Author Rob Ash @RobAsh97

Editor Tom Marshall

From: http://robash97.blogspot.com/2016/08/social-justice-warriors-champions-of.html

Texas Professors Sue to Deny Students 2nd Amendment Right

Three professors working in the Liberal Arts department at The University of Texas at Austin are fighting a Texas law that allows students to carry concealed handguns in their college classrooms.

Senate Bill 11, allowing concealed handgun license holders 21 and older (or 18 if active military) to carry in campus buildings, was signed by Texas Gov. Greg Abbott, a Republican, on June 23rd of 2015. The law went into effect Aug. 1 this year.

The professors requested a preliminary injunction to block the new campus carry law and had filed suit on July 6 against the attorney general of Texas, Ken Paxton; the president of the University of Texas at Austin, Gregory Fenves; and members of the University of Texas Board of Regents.

U.S. District Judge Lee Yeakel made no ruling during the court hearing after lawyers for the professors and for the university struggled to agree on the university’s rules and policies on concealed weapons, the Austin American-Statesman reported. Instead, Yeakel requested more information to clarify university concealed weapon policies.

“Compelling professors at a public university to allow, without any limitation or restriction, students to carry concealed guns in their classrooms chills their First Amendment rights to academic freedom,” the lawsuit says.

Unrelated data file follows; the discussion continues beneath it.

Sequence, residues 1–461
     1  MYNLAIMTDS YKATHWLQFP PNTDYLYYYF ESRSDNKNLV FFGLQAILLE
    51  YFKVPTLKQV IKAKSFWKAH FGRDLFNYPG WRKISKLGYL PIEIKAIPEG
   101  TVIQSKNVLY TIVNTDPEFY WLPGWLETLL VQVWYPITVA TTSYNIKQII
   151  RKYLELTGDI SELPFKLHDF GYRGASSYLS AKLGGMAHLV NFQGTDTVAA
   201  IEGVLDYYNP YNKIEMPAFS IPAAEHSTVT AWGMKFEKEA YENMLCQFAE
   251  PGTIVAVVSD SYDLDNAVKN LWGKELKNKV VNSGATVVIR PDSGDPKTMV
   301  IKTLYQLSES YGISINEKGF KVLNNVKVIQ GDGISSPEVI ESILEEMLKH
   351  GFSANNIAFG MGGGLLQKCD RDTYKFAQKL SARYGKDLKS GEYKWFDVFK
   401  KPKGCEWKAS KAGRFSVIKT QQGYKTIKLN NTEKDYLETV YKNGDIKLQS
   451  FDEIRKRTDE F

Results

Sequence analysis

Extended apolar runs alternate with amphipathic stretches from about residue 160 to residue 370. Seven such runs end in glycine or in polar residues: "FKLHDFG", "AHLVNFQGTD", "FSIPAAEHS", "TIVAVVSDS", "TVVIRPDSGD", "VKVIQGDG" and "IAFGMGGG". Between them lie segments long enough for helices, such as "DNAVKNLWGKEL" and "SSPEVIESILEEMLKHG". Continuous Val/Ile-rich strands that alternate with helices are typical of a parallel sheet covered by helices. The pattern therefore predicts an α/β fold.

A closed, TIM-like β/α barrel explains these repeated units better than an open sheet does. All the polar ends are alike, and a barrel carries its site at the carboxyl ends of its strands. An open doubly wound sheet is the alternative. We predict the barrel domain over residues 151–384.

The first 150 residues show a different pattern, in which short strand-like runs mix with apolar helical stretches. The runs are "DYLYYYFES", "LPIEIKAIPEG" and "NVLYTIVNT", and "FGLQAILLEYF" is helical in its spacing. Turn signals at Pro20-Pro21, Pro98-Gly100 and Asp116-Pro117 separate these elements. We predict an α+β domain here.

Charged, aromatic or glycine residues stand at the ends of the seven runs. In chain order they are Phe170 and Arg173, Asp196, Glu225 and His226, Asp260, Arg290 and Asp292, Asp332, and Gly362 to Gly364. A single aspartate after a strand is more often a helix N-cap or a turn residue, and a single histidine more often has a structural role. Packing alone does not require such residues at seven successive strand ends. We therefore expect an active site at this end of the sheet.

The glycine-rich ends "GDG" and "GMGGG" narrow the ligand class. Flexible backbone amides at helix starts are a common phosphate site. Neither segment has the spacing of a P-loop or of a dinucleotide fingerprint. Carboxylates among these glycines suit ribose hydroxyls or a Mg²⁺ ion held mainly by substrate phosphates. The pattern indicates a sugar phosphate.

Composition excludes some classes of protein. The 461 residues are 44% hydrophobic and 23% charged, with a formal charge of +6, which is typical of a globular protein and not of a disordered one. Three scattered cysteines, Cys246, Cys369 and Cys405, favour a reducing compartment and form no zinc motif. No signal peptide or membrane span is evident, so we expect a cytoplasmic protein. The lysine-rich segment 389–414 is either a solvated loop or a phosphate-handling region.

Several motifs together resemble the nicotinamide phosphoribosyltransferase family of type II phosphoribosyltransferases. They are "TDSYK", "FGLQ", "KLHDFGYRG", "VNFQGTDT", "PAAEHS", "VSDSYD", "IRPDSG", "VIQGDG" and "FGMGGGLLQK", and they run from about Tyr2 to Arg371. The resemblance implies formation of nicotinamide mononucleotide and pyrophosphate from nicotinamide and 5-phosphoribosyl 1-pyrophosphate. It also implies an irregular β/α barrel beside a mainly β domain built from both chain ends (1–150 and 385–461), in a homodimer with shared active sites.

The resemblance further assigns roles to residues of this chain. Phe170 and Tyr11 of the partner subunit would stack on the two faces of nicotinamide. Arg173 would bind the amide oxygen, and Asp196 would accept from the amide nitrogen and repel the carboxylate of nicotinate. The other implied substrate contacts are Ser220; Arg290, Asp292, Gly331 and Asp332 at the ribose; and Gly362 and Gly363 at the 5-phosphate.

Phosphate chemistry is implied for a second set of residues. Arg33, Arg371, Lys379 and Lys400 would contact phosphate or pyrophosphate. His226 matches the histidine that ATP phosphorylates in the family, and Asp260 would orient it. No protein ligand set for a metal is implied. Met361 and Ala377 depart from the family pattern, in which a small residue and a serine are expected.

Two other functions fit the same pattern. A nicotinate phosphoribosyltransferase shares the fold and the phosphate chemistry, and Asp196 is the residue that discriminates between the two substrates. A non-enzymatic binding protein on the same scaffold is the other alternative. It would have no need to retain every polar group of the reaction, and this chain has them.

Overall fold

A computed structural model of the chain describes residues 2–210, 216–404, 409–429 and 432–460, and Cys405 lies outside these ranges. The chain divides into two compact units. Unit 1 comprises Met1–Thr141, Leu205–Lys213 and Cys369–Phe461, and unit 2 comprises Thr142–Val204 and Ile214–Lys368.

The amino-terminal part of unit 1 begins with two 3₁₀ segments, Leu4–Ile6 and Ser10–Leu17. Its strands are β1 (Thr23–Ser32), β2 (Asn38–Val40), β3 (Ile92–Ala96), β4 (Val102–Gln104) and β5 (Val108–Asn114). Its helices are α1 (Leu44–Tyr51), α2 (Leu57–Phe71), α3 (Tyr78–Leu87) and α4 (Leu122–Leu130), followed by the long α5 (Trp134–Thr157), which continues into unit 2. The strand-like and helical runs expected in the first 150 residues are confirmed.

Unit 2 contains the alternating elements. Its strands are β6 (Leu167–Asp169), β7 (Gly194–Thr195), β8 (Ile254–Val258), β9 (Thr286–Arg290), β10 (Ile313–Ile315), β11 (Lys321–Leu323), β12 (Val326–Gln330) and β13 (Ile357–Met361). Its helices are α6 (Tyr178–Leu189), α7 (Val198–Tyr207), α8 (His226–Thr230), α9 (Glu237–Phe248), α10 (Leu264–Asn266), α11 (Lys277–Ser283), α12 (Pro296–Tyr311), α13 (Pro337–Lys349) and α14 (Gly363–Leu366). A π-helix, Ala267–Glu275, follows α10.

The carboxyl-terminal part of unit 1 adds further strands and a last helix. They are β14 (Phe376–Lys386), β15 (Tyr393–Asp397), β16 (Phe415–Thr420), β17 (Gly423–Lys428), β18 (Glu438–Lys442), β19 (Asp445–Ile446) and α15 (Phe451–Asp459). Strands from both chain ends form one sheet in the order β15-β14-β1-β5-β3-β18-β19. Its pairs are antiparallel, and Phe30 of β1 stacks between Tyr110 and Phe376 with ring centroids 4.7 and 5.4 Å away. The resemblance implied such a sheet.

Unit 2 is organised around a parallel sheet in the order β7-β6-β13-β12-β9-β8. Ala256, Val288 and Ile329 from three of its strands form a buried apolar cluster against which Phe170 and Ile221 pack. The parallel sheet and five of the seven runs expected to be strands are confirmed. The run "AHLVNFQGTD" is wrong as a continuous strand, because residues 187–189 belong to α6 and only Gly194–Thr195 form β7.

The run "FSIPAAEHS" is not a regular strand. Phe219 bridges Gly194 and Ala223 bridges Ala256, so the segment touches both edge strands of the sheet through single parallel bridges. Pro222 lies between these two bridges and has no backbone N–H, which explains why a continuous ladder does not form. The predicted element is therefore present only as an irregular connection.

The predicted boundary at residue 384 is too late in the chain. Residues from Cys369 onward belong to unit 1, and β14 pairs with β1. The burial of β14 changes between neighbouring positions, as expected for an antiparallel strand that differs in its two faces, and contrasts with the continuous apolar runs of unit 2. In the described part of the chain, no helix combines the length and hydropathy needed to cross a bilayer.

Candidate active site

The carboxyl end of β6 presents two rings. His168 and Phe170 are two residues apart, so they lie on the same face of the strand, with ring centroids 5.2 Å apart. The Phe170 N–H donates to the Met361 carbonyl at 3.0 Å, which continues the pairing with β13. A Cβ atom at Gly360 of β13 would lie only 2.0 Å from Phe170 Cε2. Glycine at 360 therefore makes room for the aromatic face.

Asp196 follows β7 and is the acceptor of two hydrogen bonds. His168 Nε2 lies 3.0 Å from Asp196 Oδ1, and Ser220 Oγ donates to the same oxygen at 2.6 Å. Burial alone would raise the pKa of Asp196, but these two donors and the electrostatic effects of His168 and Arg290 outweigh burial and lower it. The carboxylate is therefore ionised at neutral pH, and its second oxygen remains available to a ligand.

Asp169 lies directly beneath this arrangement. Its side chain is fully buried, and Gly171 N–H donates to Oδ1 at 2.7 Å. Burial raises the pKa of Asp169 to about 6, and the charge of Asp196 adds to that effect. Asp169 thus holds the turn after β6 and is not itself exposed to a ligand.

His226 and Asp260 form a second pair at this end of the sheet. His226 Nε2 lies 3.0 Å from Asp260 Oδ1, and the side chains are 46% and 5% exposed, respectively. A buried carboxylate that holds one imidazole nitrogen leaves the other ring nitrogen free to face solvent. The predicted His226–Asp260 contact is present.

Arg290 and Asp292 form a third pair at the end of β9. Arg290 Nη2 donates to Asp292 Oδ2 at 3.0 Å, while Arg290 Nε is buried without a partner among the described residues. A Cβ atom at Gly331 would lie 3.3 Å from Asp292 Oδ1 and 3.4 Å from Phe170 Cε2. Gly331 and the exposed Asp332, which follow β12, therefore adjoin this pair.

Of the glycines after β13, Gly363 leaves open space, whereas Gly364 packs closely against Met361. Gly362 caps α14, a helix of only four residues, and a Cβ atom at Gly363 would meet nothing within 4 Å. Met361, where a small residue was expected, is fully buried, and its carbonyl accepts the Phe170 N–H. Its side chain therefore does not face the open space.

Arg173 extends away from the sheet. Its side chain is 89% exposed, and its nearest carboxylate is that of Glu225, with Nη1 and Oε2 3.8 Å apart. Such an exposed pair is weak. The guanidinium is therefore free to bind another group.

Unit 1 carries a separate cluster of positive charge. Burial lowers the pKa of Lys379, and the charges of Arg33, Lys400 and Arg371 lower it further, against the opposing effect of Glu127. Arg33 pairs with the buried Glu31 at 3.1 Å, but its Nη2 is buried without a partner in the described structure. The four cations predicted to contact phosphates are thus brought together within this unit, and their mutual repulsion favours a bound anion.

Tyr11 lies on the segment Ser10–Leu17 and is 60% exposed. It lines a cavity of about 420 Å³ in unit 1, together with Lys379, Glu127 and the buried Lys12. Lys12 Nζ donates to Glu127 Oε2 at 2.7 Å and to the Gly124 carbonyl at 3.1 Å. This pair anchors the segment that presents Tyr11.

Paxton, the Republican Texas attorney general, called the professors’ lawsuit “frivolous.”

“There is no legal justification to deny licensed, law-abiding citizens on campus the same measure of personal protection they are entitled to elsewhere in Texas,” Paxton said in statement.

Paxton filed a response with the United States District Court for the Western District of Texas Austin Division on Aug. 1 in opposition to the University of Texas professors’ request for preliminary injunction.

The professors “have no right under the First Amendment to violate the Second Amendment rights of students,” Hans von Spakovsky, a senior legal fellow at The Heritage Foundation, told The Daily Signal. “And it is insulting to law-abiding gun owners—categorizing them as crazies who will kill someone over a debate in a classroom.”

A 1995 Texas law allows concealed handguns to be carried in public, including on the grounds of public college campuses, but previously excluded campus buildings, the Statesman reported.

Under the new law, public institutions of higher education cannot “generally” prohibit license holders from carrying concealed weapons, but are allowed to establish “rules, regulations, or other provisions” restricting guns from places like labs with dangerous chemicals and regarding the storage of handguns in residential dorm facilities.